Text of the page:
Question: Hello! What are your suggestions for how I could ear train during my daily piano regimen? Currently, I am simply memorizing the c4-c5 C major range on the piano, but as you could imagine, it is very boring. Any suggestions would be great! Thanks in advance and your work is excellent.
– Brandon (Philadelphia, Pennsylvania, USA)
Albert’s reply: Thanks for writing and for your kind compliment, Brandon. It sounds like you’re at the beginning of your studies. What’s most important now is to hear each note in advance and not rely on first pressing a key to hear a sound. There are a couple ear training exercises you can do to develop inner hearing. Since you know C major, first try playing C and then singing any other scale degree (the notes within the C major scale). Then play the corresponding note on the piano to see whether the two match.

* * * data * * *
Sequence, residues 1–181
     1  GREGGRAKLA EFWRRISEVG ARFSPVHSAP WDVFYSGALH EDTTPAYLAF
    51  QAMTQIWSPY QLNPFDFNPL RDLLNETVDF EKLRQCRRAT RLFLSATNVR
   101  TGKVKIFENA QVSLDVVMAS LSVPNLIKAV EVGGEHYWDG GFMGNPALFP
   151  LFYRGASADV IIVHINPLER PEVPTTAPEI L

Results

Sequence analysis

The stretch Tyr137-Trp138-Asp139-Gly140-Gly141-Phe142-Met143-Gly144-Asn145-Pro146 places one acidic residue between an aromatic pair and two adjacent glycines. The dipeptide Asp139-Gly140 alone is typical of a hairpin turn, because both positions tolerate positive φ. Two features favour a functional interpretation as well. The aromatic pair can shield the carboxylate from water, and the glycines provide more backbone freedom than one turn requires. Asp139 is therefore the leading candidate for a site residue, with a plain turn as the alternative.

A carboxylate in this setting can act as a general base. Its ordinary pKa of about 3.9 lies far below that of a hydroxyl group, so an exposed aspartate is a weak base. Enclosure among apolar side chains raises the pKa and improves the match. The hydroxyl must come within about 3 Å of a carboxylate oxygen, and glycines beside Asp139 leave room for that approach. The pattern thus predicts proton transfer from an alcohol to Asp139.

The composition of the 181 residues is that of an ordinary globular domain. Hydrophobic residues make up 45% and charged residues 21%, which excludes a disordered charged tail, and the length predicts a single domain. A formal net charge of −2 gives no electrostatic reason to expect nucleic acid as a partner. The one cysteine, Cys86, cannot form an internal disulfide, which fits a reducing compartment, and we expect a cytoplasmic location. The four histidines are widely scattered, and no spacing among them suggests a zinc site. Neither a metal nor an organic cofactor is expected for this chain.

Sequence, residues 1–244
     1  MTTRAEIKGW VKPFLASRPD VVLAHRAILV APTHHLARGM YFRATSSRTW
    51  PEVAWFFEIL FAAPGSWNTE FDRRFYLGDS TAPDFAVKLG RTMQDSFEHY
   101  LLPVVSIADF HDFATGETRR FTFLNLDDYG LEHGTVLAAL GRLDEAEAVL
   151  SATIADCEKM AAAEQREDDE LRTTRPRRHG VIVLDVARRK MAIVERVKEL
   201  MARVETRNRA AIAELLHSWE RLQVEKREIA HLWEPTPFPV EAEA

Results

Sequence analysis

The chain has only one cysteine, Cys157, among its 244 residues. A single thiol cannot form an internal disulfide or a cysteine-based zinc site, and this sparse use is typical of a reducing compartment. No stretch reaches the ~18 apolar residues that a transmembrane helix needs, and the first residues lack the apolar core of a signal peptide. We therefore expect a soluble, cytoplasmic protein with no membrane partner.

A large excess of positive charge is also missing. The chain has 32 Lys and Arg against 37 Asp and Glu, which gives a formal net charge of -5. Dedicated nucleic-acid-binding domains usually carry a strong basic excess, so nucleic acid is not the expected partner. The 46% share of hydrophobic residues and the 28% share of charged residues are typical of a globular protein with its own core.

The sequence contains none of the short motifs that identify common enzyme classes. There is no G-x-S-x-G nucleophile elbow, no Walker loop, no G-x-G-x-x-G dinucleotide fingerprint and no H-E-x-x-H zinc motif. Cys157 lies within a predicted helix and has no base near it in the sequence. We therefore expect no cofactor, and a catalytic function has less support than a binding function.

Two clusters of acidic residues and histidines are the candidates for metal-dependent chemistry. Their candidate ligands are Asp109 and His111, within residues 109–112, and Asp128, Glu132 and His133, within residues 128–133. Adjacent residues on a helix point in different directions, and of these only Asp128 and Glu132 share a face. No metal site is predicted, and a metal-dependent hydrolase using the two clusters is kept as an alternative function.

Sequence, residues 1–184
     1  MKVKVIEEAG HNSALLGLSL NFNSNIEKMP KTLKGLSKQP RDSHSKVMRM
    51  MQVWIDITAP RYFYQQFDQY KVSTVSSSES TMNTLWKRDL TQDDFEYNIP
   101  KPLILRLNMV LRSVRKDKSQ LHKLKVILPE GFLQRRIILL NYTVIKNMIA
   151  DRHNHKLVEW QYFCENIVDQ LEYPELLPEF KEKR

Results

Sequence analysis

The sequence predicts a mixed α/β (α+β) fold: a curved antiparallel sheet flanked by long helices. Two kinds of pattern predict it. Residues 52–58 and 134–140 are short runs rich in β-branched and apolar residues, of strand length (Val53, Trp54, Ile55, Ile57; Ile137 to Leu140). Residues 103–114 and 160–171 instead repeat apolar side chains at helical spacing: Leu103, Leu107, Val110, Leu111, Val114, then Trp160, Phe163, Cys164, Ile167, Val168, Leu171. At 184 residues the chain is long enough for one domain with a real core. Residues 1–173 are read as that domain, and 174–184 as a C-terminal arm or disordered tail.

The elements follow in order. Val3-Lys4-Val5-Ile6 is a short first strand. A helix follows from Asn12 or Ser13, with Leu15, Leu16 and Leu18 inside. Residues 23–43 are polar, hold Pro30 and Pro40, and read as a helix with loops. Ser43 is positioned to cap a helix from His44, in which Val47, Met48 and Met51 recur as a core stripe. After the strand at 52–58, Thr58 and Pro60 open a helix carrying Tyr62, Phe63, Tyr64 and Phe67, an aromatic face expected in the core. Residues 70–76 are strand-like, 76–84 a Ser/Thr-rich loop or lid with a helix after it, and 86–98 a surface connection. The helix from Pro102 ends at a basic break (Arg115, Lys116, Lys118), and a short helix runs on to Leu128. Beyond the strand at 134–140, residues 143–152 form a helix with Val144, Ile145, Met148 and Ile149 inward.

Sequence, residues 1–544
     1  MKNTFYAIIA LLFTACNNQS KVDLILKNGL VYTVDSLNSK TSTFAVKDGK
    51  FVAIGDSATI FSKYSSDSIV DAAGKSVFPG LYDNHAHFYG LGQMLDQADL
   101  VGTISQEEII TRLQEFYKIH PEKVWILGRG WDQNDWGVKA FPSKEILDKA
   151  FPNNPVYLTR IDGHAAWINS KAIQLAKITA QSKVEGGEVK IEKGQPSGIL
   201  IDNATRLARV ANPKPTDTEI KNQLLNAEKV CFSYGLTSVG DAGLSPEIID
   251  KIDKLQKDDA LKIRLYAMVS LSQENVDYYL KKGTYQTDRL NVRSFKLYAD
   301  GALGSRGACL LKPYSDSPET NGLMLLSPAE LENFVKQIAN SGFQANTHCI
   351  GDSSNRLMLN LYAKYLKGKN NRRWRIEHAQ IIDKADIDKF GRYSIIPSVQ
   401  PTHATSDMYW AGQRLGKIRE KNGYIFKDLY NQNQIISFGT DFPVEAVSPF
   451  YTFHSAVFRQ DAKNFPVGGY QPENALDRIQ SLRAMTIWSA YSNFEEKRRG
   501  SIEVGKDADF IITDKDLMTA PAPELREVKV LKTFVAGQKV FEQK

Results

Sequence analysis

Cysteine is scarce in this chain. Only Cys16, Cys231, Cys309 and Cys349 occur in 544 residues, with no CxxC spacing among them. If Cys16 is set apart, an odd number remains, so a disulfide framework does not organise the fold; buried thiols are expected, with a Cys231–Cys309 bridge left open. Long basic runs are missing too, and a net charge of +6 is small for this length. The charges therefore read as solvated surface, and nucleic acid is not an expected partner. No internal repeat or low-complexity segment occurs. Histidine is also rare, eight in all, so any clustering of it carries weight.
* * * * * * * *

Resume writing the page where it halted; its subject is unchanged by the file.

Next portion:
Next, move on to other keys. What’s important is the interval relationship. Thus, try playing any other key on the piano and then singing a major scale starting from that note. Then try the exercise as above, in the new key.
Something all pianists should do in their daily practice is sing each voice in their pieces. Use the French/Italian note names (do re mi fa sol la si/ti), ignoring sharps and flats for the purpose. (This is called “fixed do” solfège.) Take a passage, sing each voice, and then check your accuracy with the piano. This assumes your piano is in tune!
I like to transpose sections of pieces I’m working on, to test my ear and knowledge of the harmony. This exercise is particularly useful for unusual harmonic progressions, and it will ensure that you’re learning with your mind and ear, not just your fingers. At a more basic level, you can always transpose melodies by ear. Simply start on another pitch and play the same intervals. Work slowly and always try to hear the proper note in your mind first… don’t simply fumble around at the keyboard until you chance upon the right note!
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